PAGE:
The dual degree of occupational therapy doctorate (OTD) and doctor of philosophy (Ph.D.) in health education is designed to meet the growing need for occupational therapy faculty members who are prepared to conduct and mentor research. The graduates of the dual degree program will not only have the credentials but also the skills needed for successful careers in academia.
Admission to the OTD/Ph.D. is a two-step process. The first step is to be admitted to the OTD program. See the occupational therapy doctorate section for admission requirements. During the OTD program, the student completes the second step by applying for admission to the Ph.D. in health education. Please contact the occupational therapy program at email@example.com or the school of population health for more information on the dual degree.
Students may apply up to 18 credits of their OTD program for credit in the Ph.D. program. Please contact the occupational therapy program at firstname.lastname@example.org or the school of population health for more information on the dual degree.
ADVOCACY: 15. Evaluate and judge the relevance of current socio-political, legal, economic, international, geographic, demographic, and health disparity issues and trends, including as they affect occupational therapy practice. 16. Justify, design, and engage in initiatives that meet society s occupational needs within existing organizations and through new, entrepreneurial services and programs (e.g., private practice) to move the profession of occupational therapy forward as an integral discipline in health care, human services, and education. 17. Apply principles of management, administration, and supervision (e.g., COTAs, students, other rehabilitation personnel, volunteers) into a personal framework for directing and developing occupational therapy services, personnel, and programs. 18. Choose, design, and implement teaching/learning experiences for a variety of audiences. 19. Practice in collaborative interprofessional practice to improve service delivery in complex systems and organizations. 20. Demonstrate advocacy efforts for clients and the profession to influence practice, legislation, policies, and reimbursement funding.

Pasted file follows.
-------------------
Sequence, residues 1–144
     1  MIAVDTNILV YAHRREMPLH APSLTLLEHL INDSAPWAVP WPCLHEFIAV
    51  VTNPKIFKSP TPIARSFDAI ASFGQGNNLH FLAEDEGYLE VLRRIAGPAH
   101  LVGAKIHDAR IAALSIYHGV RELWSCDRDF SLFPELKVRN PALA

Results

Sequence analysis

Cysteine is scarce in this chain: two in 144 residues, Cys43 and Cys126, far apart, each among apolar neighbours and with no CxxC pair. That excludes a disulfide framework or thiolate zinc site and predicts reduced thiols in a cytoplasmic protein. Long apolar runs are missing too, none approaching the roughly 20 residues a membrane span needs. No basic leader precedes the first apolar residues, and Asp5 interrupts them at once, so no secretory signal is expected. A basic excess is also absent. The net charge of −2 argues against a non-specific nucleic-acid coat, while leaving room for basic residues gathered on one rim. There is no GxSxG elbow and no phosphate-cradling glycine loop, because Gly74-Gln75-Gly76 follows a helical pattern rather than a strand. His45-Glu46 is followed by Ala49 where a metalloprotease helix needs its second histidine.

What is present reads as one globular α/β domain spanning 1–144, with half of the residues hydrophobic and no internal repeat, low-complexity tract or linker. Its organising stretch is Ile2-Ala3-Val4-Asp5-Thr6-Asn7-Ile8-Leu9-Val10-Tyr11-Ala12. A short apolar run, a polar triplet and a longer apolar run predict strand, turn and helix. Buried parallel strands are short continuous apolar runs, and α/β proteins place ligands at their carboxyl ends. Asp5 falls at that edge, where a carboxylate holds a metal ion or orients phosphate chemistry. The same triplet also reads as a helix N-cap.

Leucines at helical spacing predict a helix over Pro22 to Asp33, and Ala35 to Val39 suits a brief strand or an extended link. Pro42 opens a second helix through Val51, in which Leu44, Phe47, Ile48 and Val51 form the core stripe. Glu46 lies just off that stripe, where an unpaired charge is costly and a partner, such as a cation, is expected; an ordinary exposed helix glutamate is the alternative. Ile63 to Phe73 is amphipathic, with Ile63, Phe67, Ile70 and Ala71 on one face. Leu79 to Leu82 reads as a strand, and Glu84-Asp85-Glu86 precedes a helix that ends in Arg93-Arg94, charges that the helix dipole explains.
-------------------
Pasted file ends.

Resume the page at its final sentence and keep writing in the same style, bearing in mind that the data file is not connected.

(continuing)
RESEARCH: 21. Use principles of research design to describe, analyze, critique, and interpret research protocols and articles relevant to the field of occupational therapy. 22.Interpret research findings to enhance their practice and promote research in the profession at multiple levels including collaboration with independent researchers. 23.Produce and disseminate guided, individualized, scholarly projects. 24.Identify specific ways that occupational therapists can contribute to occupational therapy research, including initiation of research, collaboration in research, participation in advanced studies, application for grants, and support of research as a member of the profession of occupational therapy. 25.Explain, apply, and demonstrate professional ethics as they are pertinent to laws and institutional policies that govern client confidentiality and rights of research participants.
AUTONOMOUS DECISION MAKING: 26.Recognize and accept personal responsibility for life-long learning, professional behavior, and demeanor through reflective practice. 27. Develop skill in seeking out information (e.g., library resources, electronic media, internet searches) to compile evidence in support of practice, advocacy, and research. 28. Show leadership skills and guide the profession by disseminating research, conducting presentations, and assuming leadership and mentorship roles, including fieldwork education.